I did also find the ending of the first movie / solving of the final puzzle that little bit more satisfying and action packed. That’s not to say that Kasdan’s film doesn’t feature some very well choreographed action sequences of its own – because the scene with the mandrills and bridges is quite impressive.
In terms of the characters, DeVito as grandpa is the main highlight for me. Followed by the parts played by Kevin Hart and Dwayne Johnson – unsurprisingly. I just really love their great chemistry, comic timing and fun dialogue. I also remember particularly appreciating Hart’s delivery of the below line, in Glover’s speaking voice and cadence.
‘Did I die – and turn into some kind of muscular Boy Scout?’
One more highlight is of course, the ‘special skill’ of the beautiful black horse.
Watch Jumanji – The Next Level because you’re curious and it’s good. Also, especially if you had fun watching 2017’s Jumanji movie.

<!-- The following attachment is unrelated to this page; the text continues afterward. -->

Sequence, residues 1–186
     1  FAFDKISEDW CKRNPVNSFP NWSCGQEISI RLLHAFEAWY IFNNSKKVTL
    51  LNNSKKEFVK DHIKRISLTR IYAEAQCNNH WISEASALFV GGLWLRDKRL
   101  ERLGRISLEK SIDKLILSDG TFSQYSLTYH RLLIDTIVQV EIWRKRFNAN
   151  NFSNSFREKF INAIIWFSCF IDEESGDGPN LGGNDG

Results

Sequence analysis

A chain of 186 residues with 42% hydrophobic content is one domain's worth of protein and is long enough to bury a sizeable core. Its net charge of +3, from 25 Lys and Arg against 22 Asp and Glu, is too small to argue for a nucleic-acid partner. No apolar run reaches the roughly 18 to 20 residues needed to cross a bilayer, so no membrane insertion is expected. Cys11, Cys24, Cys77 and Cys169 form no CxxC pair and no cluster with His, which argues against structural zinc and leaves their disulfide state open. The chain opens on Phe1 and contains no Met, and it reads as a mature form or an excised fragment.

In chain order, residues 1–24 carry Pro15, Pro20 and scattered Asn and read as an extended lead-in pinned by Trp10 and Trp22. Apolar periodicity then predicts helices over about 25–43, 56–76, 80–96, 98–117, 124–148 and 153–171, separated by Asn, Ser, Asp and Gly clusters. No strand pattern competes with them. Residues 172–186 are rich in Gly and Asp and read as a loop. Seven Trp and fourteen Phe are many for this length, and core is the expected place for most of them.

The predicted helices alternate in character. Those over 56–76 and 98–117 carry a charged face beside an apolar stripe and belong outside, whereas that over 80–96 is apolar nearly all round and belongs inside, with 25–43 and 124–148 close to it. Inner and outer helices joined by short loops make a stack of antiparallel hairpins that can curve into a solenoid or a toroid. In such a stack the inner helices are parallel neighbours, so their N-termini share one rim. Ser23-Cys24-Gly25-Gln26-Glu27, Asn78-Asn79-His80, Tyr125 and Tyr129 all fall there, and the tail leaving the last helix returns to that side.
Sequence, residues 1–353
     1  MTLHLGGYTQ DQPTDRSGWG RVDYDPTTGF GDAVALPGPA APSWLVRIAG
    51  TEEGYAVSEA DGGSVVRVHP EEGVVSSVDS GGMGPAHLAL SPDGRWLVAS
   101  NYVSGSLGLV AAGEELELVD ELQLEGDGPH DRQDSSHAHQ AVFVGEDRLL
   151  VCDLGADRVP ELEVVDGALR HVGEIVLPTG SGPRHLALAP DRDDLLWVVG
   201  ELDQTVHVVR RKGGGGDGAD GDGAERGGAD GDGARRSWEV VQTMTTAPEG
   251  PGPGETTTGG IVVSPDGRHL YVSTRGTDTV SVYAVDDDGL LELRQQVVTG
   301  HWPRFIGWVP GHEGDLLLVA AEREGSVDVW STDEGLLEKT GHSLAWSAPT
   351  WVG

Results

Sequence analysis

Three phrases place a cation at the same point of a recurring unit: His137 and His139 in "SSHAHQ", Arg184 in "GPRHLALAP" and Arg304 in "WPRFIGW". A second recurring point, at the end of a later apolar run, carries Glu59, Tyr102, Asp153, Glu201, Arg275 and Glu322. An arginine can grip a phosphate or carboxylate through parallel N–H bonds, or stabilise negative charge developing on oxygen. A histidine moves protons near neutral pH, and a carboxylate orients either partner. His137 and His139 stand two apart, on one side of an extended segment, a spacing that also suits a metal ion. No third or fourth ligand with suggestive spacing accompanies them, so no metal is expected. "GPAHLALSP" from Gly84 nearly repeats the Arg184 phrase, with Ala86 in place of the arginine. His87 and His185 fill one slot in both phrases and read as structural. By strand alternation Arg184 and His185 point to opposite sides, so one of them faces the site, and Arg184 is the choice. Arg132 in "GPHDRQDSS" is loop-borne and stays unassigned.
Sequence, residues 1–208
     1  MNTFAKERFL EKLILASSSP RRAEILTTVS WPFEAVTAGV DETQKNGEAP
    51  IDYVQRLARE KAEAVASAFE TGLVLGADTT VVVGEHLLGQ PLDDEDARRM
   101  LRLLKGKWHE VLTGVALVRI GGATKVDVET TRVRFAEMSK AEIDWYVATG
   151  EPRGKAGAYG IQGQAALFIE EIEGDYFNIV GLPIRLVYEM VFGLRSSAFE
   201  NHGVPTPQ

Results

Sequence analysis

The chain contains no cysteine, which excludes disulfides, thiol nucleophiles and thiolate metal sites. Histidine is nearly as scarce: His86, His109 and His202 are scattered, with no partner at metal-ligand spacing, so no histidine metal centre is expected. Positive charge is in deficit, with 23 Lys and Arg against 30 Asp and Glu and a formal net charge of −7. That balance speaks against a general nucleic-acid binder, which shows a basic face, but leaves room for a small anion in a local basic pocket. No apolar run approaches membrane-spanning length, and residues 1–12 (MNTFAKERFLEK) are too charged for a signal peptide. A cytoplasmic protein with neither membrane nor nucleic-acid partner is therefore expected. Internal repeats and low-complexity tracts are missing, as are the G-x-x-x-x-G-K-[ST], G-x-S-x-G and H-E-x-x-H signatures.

I wanted Charlies Angels, an action / comedy about three ass-kicking young women who work for a private detective agency to be a good movie. Unfortunately, I can’t quite say that ‘good’ is the word that best fits.
Part of the reason director Elizabeth Banks’s film isn’t great is firstly, the fact that it offers nothing that hasn’t been seen many, many times before and often better executed. Second, there’s the arguably insufficient chemistry between the three main characters played by Kristen Stewart, Naomi Scott and Ella Balinska. It also really didn’t help that much of the humour – most of which is delivered by Stewart came across as a tad forced.
Lastly, Naomi Scott’s character’s transition from hacker to full blown Angel just seemed unconvincing to me. I mean, the ‘bowl cuts’ sequence was fun but I just couldn’t believe how comfortable she appeared to be in such a high stress predicament. (Could I be projecting here? Maybe a little.)